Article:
Why are social conservatives unable to exert political pressure?

Hillary Clinton and her ally, the Human Rights Campaign
Hillary Clinton and her ally, the Human Rights Campaign

Right now, social liberals are having great success pushing through their agenda. Social conservatives seemed to be getting coerced and/or punished so effectively that many are wondering whether the tide can be turned at all.

Ben Shapiro, who writes at the Daily Wire, explains what’s been happening lately:

Leftists, the most tolerant people in America, are now demonstrating their tolerance by boycotting entire states that do not govern in accordance with leftist social policy. On Tuesday, New York Governor Andrew Cuomo announced that he would bar non-essential state-funded travel to Mississippi after the state passed a bill re-enshrining First Amendment protections for freedom of religion and association. Cuomo, who termed the law “sad, hateful,” isn’t the only big government leftist to utilize the power of taxpayer-funded nastiness: the mayor of San Francisco, Ed Lee, did the same.

Lee and Cuomo also announced travel bans to North Carolina, where the governor recently signed a bill that mandates that local governments may not allow people to use single-sex bathrooms based on subjective gender identity rather than biological sex; that bill also makes state anti-discrimination law supreme and exclusive over local anti-discrimination laws that would compel businesses to hire people regardless of sexual orientation or gender identity.

It’s not just government, either. Icons like the wildly overrated Bruce Springsteen are cancelling concerts in North Carolina; businesses like PayPal, which do business in countries like Saudi Arabia and Malaysia, which actually prosecute homosexuality. States like Virginia and Georgia have vetoed similar legislation out of fear of corporate and governmental blowback from companies ranging from Apple to Disney.

The left has ratcheted up their pressure on states to crack down on Americans who don’t want their daughters peeing next to grown men, to prosecute businessowners who don’t want to cater same-sex weddings. They’ve utilized their economic power to punish private actors who may or may not even agree with the left in an attempt to coax those actors into putting indirect pressure on their representatives.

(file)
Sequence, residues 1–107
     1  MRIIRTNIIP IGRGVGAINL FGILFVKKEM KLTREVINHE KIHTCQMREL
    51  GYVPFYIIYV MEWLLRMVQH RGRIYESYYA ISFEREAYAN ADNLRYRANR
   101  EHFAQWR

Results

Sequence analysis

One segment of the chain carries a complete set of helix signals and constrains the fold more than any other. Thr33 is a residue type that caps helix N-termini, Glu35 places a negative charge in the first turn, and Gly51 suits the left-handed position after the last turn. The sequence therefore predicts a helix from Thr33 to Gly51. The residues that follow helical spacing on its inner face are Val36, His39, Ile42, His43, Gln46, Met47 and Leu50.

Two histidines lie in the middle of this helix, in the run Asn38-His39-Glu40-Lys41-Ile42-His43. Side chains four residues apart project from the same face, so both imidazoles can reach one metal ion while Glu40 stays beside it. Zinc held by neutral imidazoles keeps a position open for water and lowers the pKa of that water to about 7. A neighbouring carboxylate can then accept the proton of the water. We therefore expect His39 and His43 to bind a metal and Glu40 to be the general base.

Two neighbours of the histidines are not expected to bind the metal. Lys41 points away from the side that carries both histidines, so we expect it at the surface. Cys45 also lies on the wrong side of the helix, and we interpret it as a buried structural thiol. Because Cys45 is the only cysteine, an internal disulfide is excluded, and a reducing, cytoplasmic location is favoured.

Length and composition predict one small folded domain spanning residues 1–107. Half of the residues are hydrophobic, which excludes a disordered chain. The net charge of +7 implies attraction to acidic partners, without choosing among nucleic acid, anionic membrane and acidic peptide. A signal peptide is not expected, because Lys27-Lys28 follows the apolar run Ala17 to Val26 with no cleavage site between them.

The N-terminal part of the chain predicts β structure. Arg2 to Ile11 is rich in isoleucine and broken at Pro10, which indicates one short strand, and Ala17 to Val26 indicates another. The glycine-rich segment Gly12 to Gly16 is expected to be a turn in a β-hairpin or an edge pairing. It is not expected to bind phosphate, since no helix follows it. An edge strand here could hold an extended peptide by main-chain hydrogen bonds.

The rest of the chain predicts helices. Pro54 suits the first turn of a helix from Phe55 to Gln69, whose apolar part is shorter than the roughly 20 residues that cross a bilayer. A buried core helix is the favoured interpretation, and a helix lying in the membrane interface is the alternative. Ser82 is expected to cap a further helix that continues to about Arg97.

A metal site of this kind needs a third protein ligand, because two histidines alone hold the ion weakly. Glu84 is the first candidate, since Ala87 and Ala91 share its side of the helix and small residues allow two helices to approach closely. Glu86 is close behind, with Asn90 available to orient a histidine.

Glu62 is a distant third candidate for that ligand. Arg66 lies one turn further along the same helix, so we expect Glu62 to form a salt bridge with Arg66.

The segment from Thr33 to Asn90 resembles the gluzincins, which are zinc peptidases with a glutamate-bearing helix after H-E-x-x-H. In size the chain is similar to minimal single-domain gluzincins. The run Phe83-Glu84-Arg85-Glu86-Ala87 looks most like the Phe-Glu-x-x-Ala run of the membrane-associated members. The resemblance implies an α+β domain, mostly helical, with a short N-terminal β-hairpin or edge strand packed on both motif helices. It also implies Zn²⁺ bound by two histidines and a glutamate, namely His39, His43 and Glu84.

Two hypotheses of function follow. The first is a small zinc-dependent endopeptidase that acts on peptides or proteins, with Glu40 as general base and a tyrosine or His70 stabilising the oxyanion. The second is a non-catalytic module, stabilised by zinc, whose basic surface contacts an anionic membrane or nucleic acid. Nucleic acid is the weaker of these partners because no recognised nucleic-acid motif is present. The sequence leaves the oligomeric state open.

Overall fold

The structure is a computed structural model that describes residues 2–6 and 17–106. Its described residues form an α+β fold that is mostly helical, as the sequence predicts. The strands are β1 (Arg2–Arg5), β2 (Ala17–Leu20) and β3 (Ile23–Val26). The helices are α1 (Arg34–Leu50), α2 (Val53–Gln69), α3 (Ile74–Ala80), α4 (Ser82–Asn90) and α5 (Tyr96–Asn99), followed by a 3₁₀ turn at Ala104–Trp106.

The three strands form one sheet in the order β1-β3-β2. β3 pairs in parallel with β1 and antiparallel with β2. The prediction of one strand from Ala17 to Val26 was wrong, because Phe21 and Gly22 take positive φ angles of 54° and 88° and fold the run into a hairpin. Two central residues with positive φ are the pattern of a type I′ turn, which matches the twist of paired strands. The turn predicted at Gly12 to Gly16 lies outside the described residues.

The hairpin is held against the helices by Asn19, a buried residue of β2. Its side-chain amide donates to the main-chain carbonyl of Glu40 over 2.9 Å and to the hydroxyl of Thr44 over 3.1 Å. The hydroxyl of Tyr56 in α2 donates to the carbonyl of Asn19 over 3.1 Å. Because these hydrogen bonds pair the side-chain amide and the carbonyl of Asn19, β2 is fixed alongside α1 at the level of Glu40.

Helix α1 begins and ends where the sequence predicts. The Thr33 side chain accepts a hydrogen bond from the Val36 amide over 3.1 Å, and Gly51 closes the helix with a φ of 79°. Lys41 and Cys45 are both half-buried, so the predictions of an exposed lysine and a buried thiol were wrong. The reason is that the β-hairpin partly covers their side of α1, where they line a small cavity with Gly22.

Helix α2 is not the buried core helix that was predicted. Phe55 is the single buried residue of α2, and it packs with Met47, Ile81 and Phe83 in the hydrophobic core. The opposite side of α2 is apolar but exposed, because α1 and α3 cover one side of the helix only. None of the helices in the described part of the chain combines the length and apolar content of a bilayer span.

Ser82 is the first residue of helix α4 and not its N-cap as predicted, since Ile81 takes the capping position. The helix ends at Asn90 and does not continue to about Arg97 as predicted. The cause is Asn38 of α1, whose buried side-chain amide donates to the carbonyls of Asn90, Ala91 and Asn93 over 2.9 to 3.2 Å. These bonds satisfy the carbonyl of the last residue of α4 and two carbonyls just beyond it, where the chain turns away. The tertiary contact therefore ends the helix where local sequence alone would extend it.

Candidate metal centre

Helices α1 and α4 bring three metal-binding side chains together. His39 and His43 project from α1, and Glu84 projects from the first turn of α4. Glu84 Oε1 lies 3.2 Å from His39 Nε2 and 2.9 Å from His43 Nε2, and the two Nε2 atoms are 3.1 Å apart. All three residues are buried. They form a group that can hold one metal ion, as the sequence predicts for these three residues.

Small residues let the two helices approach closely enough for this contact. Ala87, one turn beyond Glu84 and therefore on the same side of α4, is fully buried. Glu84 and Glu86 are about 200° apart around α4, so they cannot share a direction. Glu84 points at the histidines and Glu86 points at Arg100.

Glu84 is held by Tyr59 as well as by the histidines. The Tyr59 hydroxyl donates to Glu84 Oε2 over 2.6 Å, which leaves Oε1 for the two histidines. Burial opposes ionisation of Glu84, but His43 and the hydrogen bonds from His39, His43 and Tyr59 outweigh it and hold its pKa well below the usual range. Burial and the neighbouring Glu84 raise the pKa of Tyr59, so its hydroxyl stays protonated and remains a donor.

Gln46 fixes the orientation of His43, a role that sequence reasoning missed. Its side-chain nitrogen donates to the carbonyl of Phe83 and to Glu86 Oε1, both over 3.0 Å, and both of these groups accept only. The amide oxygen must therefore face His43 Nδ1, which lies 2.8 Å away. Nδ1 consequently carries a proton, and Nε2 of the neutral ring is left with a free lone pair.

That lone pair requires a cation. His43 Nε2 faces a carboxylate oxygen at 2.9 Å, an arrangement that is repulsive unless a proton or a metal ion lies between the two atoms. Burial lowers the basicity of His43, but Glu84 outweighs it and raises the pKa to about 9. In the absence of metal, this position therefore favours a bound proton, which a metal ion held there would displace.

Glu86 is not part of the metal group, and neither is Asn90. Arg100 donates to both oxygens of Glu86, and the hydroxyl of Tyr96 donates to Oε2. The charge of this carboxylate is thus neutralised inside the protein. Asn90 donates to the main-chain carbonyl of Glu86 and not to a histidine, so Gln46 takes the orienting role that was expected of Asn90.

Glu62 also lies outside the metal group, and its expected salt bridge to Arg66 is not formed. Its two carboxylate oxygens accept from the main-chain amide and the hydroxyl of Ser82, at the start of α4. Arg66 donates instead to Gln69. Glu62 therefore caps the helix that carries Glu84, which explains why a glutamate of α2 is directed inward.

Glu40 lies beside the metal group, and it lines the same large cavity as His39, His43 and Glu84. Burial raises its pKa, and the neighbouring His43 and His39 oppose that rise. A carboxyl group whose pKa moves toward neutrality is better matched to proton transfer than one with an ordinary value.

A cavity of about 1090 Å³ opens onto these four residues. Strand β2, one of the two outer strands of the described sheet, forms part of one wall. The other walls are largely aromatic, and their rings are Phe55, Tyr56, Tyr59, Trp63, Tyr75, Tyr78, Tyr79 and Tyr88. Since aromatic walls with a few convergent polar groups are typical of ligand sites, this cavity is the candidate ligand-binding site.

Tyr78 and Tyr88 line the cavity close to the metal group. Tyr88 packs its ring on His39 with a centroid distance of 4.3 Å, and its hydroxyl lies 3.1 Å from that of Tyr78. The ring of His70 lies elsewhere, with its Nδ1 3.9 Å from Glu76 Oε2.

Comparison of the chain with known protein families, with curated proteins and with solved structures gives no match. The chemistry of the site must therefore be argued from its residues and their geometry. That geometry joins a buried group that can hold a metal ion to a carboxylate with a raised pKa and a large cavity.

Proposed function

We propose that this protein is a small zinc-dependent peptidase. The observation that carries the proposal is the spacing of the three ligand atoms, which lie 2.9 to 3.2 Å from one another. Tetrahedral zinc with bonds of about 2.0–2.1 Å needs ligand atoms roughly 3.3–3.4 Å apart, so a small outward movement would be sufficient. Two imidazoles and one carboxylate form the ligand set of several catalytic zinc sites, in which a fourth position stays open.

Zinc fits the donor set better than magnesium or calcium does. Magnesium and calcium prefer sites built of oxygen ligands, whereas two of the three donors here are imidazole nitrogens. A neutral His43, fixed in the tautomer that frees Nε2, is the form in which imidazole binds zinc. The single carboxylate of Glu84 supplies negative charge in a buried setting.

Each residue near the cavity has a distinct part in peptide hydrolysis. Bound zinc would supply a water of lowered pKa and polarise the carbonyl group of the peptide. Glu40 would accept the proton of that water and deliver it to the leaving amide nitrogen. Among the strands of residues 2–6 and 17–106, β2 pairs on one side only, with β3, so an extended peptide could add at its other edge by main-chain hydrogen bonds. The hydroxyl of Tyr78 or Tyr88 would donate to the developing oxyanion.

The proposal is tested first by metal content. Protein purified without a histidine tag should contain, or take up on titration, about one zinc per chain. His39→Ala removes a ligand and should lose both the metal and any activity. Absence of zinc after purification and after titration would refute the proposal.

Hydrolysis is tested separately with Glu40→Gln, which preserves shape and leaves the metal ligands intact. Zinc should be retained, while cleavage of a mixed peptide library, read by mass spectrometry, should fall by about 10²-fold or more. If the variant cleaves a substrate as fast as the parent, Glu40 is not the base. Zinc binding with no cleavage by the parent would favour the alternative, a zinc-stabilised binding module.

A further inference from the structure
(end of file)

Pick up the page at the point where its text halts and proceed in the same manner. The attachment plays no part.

Maggie Gallagher, a pro-marriage activists who has written some great books on marriage that I really liked, has some practical advice for social conservatives in National Review.

She has five points – here are four and five:

4) Social conservatives aren’t doing politics.

Before I explain what I mean, let me ask you to answer a simple question: What is the national organization that fights for religious-liberty protections by spending money in federal elections? Currently, there is none. There are many good nonprofits who issue voter guides or get pastors together. There are public-interest law firms galore. These are all good things to have — but there is a hole in the center of our movement.

How big is the hole? For my own amusement, I tried to figure out how much money social conservatives (excluding pro-life groups) spent in national elections in 2014 compared to what they spend on 501(c)3 and other nonprofit strategies. I looked for every organization I could find that has marriage or religious liberty in its mission statement and then compared it with election expenditures by either c(4)s or political-action committees (PACs). Then I asked around to major social-conservative donors I know to see if I had overlooked any major organization.